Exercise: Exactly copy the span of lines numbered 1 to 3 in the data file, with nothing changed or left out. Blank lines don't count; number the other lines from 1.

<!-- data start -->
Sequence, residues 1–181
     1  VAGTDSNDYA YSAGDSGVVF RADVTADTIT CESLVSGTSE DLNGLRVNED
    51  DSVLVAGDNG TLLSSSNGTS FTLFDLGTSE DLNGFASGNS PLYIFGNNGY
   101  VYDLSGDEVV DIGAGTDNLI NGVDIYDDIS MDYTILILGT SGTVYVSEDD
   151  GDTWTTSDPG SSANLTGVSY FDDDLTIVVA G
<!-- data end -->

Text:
Sequence, residues 1–181
     1  VAGTDSNDYA YSAGDSGVVF RADVTADTIT CESLVSGTSE DLNGLRVNED
    51  DSVLVAGDNG TLLSSSNGTS FTLFDLGTSE DLNGFASGNS PLYIFGNNGY